Independence Day: Bascombe Trilogy (2)
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Independence Day: Bascombe Trilogy (Frank Bascombe #2)

3.84 of 5 stars 3.84  ·  rating details  ·  9,371 ratings  ·  440 reviews
The Pulitzer-Prize Winning novel for 1996.In this visionary sequel to The Sportswriter, Richard Ford deepens his portrait of one of the most unforgettable characters in American fiction, and in so doing gives us an indelible portrait of America.Frank Bascombe, in the aftermath of his divorce and the ruin of his career, has entered an "Existence Period," selling real estate...more
ebook, 464 pages
Published September 1st 2010 by Vintage (first published 1995)
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(showing 1-30 of 3,000)
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Paul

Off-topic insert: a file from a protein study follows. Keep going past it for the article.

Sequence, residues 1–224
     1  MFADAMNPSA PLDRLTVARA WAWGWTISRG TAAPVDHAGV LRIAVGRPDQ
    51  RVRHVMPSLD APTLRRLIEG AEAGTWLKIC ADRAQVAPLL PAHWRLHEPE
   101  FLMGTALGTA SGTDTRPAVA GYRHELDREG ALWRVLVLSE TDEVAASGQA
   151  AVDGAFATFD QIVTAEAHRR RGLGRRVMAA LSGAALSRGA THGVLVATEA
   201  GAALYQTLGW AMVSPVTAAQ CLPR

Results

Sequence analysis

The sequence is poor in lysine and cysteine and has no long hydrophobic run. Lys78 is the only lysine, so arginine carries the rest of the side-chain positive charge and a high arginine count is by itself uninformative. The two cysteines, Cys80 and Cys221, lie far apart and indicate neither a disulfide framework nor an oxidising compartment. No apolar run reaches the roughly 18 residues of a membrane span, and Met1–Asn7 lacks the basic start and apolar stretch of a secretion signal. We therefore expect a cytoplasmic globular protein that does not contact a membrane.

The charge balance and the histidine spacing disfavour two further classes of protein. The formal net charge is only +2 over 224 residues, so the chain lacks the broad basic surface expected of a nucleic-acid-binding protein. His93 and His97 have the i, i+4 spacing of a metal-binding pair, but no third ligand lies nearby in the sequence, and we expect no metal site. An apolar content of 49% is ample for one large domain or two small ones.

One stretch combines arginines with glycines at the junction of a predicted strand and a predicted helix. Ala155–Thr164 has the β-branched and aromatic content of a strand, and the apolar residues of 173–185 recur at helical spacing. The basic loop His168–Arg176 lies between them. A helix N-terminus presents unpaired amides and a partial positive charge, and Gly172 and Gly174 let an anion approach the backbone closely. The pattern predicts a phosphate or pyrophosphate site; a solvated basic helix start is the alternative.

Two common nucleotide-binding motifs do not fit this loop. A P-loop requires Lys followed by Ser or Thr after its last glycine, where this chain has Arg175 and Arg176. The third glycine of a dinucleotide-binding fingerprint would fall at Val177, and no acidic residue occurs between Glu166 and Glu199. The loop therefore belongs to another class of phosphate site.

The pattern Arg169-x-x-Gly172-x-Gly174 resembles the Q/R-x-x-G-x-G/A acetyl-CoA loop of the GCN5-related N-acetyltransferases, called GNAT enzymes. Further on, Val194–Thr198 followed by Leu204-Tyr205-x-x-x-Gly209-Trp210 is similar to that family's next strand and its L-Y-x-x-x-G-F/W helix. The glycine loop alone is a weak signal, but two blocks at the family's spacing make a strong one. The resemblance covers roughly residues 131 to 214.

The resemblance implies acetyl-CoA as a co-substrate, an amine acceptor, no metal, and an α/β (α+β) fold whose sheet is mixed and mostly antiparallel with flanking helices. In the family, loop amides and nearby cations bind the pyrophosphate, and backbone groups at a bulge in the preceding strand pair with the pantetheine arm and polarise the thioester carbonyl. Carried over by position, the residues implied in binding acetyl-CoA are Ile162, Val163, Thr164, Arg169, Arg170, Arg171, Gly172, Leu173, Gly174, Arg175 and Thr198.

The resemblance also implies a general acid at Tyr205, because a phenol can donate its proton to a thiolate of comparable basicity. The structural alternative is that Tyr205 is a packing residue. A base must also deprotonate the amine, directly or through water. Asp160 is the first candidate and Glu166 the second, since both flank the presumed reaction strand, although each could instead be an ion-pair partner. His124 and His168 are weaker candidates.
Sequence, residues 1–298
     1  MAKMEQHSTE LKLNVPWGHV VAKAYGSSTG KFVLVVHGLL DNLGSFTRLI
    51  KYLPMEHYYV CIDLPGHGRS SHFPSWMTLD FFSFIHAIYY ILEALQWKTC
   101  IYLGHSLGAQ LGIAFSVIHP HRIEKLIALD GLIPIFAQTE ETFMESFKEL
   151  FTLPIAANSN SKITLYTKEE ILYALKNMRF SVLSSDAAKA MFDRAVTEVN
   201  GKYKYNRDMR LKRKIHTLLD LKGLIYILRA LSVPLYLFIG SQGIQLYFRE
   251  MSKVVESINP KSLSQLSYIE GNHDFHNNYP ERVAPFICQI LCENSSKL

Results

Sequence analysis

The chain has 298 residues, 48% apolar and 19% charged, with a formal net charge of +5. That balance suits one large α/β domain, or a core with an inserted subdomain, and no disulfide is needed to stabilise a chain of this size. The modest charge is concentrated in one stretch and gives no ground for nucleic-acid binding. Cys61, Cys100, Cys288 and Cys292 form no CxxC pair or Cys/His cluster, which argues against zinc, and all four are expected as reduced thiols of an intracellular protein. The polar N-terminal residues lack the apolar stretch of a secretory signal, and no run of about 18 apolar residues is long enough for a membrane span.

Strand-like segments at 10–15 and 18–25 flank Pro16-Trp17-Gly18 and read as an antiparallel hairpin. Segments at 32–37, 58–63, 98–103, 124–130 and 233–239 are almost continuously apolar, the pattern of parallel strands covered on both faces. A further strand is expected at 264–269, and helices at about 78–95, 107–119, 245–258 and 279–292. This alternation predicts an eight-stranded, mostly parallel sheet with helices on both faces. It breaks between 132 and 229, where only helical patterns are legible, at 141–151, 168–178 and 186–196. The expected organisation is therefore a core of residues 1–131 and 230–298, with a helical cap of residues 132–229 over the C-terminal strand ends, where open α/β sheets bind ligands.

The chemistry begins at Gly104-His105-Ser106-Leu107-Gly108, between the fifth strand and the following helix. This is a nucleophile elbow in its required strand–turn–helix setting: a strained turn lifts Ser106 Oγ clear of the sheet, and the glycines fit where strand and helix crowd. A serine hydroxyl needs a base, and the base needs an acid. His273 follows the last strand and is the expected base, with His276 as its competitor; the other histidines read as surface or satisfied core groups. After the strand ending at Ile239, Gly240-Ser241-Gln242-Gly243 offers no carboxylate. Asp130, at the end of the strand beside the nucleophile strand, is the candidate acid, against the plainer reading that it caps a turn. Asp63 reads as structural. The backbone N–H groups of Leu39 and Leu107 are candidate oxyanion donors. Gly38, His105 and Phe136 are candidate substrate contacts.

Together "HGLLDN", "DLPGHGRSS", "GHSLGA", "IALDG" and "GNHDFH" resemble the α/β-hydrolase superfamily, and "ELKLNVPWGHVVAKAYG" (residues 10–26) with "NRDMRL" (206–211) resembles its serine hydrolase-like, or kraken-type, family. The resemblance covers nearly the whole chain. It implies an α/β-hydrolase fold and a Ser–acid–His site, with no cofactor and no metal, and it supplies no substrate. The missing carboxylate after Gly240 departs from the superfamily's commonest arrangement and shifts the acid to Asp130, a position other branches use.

Well, sometimes I have to wonder if I'm on the right planet. Never has a book been so praised - and by the right people - as this one and The Sportswriter - so I gave this one a go and found myself in a hot muggy sauna of smugness, breathing in the profoundly self-satisfied atmosphere of this guy Bascombe - self-satisfied in spite of failed marriages, bad relationship with son and all that, one of those deeply wise, mature, creased lived-in face type guys who you instinctively trust - sorry pal,...more
Jessica
I wouldn't say this is a book for all readers or all occasions, but it really was the perfect book for a rainy Fourth of July weekend when I was stuck at home alone with my dog, laid up and non-ambulatory after some improperly stacked firewood fell and crushed my toes.

I liked this better than The Sportswriter, though I did find some characters and conversations tiresome and can see how lots of people wouldn't get into this book. I got deeply into it, though, because it's one of those long novels...more
Abraham
Sep 01, 2008 Abraham rated it 5 of 5 stars  ·  review of another edition
Recommends it for: lovers of Moby Dick, Don Delillo, Realism
Shelves: fiction